What Is The Best Way To Freeze Fresh Rhubarb?

Rhubarb is a delightfully complex food. According to the USDA, the plant itself is an herbaceous perennial, a member of the buckwheat family, and botanically a vegetable. In use, however, it's considered a fruit because rhubarb is so tart that it's nearly always combined with lots of sugar and served as a component in dessert. Rhubarb can be grown in fields or in greenhouses, which means it's available fresh from January through August, depending on where you live in the U.S.

Peak season for field-grown rhubarb is late spring through early summer, and since the season's pretty short, many rhubarb lovers choose to stock up on this delightfully sour fruit, packing the lovely red rhubarb into rustic galettes or jam that can be used on everything from a topping for goat cheese to a glaze for duck breast.

Rhubarb is easy to grow, and Seattle-based Jill Lightner notes that once established, it produces an abundance of fruit, writing: "I have one plant for my household of two, bake more rhubarb-based recipes than I could sensibly bother counting, and hold only the faintest hope that I'll use what's left in the freezer before it's time to start this year's harvest." Curious fans of rhubarb who want a year-round supply may wonder what the best method of freezing rhubarb is.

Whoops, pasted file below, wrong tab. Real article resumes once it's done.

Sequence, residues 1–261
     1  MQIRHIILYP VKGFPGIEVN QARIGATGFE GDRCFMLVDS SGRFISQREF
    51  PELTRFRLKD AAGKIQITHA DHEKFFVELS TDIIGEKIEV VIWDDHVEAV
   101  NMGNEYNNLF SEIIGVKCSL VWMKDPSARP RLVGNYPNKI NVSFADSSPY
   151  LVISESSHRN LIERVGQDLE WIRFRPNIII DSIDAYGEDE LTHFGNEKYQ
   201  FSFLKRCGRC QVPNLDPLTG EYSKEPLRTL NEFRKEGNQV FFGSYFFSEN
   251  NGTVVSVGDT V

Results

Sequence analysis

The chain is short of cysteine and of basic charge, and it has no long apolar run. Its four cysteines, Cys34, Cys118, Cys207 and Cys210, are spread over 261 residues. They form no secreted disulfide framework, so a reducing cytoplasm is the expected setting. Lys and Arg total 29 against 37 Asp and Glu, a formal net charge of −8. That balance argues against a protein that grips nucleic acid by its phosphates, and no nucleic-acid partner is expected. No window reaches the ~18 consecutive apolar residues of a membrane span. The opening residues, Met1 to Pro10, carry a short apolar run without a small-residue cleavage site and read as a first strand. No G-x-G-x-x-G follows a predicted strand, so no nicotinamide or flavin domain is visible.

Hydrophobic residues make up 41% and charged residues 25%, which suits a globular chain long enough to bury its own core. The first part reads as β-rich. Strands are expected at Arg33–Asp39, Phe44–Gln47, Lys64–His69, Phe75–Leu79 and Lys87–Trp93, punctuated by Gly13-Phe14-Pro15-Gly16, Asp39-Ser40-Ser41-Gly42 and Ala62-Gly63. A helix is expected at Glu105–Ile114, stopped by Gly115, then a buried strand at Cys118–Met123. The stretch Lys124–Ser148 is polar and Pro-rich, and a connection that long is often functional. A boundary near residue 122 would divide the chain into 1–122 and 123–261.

Tips for freezing rhubarb

First and foremost, rhubarb leaves must be discarded. Washington State University's Master Gardener Program notes that the leaves of rhubarb contain oxalic acid and cause severe poisoning, though, interestingly, they can be safely composted. BBC's Good Food explains that rhubarb, regardless of how it's handled before freezing, will begin to break down as it's thawed, so while the flavor will still be wonderful, it won't be as pretty as fresh rhubarb that's neatly cut and artfully arranged atop a tart.

Rhubarb can be blanched or even fully cooked before freezing, but the very best way to freeze it is actually the simplest. Wash and chop your rhubarb, placing it into plastic freezer bags in a single layer. Put the bags flat on a baking sheet and freeze. That's it! Once the bags are frozen, they're easy to stack in the freezer, and you can either use the entire bag or break off the amount your recipe calls for. It's not even necessary to thaw rhubarb before it goes into an impressive dessert like this strawberry rhubarb custard tart.